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Stand up for young people standing up

Comment & Opinion

WHAT’S THE REAL PROBLEM? The sneering reaction of many in the older generation to protests about the climate emergency needs to be examined.

Edwin McGreal

On Friday, September 20, last teenagers all over this county and country took to the streets to strike about climate change. The reaction said much about our attitudes to both the most pressing issue of our generation – the destruction of our planet – and to young people daring to express themselves.
There was much support for the position set forward by the principal of Blackrock College in south Dublin, that bastion of the Irish establishment, who described the strike action as ‘a tad infuriating’ and urged parents of students at the fee-charging school to ensure their sons did not take part in the strike.
The September strike followed on from a similar day of action in March, when more than 11,000 students marched on Dáil Éireann seeking urgent action to address the growing threat of climate breakdown.
But the reaction of many of the older generation was to criticise and sneer at the young people. Saying that if they were serious about their belief, they would do it on a Saturday. That they should just do what they are told.
How often have we decried the lack of interest the younger generation might have in the world around us, in politics, in matters of state? How can we be so enraged, then, when the same young people stand up for something they believe so strongly in? Surely this is a good thing.
But when you look at many commentators’ views on the issue, it would appear they think not.
Far too many people who are paid to comment and inform have expressed far more rage about children protesting about the impact of climate change than about climate change itself.
Think about that for a moment.
Telling children to keep quiet preoccupies many older people more than the climate emergency itself. Sadly, this includes very influential people the world over from the President of the United States down.
How’s that for leadership?
The anger is best encapsulated in the insults directed towards and the bullying of 16-year-old Swedish climate-emergency activist Greta Thunberg.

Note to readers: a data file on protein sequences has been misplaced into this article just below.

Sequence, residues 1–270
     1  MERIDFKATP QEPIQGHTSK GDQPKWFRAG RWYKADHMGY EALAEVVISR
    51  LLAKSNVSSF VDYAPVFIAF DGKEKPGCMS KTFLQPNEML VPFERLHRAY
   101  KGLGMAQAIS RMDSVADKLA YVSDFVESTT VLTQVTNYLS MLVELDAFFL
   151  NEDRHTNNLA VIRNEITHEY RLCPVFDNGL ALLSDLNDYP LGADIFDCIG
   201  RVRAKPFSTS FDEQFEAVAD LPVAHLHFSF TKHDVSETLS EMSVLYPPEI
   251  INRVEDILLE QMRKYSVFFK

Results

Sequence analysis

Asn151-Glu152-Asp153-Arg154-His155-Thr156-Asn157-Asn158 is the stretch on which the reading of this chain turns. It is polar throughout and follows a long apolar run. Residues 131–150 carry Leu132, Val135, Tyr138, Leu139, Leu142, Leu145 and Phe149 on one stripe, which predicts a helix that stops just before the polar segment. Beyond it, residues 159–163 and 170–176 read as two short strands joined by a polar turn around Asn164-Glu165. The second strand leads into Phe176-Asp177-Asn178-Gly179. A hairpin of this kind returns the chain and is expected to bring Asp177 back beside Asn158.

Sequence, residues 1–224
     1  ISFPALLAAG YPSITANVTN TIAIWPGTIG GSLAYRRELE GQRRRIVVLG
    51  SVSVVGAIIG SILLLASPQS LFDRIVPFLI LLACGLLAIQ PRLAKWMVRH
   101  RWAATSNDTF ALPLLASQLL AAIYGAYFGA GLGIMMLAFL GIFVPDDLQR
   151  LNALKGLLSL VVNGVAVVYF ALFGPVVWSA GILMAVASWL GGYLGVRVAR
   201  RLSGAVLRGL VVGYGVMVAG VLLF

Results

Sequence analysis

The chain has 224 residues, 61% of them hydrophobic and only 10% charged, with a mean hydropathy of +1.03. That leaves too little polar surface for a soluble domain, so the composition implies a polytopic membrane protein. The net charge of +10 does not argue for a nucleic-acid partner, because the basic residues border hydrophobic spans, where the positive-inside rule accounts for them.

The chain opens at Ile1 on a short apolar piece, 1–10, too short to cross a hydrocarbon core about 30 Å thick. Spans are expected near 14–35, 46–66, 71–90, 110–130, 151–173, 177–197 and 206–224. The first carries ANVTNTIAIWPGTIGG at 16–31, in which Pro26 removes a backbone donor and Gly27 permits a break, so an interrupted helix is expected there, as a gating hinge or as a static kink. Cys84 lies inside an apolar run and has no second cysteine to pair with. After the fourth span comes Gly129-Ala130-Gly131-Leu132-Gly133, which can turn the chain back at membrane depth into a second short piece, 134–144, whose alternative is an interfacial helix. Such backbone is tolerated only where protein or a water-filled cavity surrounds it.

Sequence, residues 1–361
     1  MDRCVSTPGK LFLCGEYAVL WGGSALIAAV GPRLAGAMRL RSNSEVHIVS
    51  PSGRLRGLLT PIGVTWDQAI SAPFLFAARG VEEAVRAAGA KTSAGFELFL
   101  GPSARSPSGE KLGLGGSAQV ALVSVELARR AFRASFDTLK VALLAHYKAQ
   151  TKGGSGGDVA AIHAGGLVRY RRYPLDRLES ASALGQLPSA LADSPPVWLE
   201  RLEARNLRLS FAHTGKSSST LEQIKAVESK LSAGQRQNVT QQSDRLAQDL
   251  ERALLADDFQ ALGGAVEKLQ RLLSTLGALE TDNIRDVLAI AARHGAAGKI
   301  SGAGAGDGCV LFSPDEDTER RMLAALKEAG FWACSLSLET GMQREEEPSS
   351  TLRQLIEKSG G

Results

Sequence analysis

The young Swede has been a very strong voice on the subject, but her critics have been quicker to question her motivations and belittle her than to address the core points she has been stridently making.
There has been some disgusting commentary about Thunberg having Asperger Syndrome. The worst kind of deflective nonsense.
There has been, by comparison, little enough debate of her views – and issue could be taken with parts of what she says.
The nature of the appropriate response to the climate emergency is up for debate, but it is undeniable that we have a real problem on our hands. And the problem is certainly not a 16-year-old girl.
A growing number of commentators continue to propagate the idea that climate change is being grossly exaggerated or, worse, that it is not a reality at all.
Perhaps denying the extent of the problem is easier than confronting the frightening extent of it.
Perhaps people are more concerned with not having to change their comfortable ways in order be part of the solution.
Perhaps people are selfish and don’t like being told what they are doing is wrong by a 16 year old.
Because one thing that Greta Thunberg firmly has in her corner is any amount of scientific facts about the future facing this Earth and all who inhabit it.
The discussion of the extent of the problem has evolved over the years as more and more research has copper-fastened the reality.
As economist JM Keynes is purported to have said, “When the facts change, I change my mind.”
For too many people, such wise self-reflection and willingness to change is a step too far, and so instead of facing up to the extent of the problem, they scoff and point and deflect. In turn, they show a breathtaking disregard for future generations.
Our Taoiseach, Leo Varadkar, a man who many would often disagree with, brought some maturity to the discussion on Greta Thunberg.
“The bottom line is she’s a 16 year old who’s trying to make the world a better place. Why would you want to slag her off?”
I wonder if many of those who are so quick not just to criticise, but to insult Greta Thunberg can say the same about their contribution to life on Earth.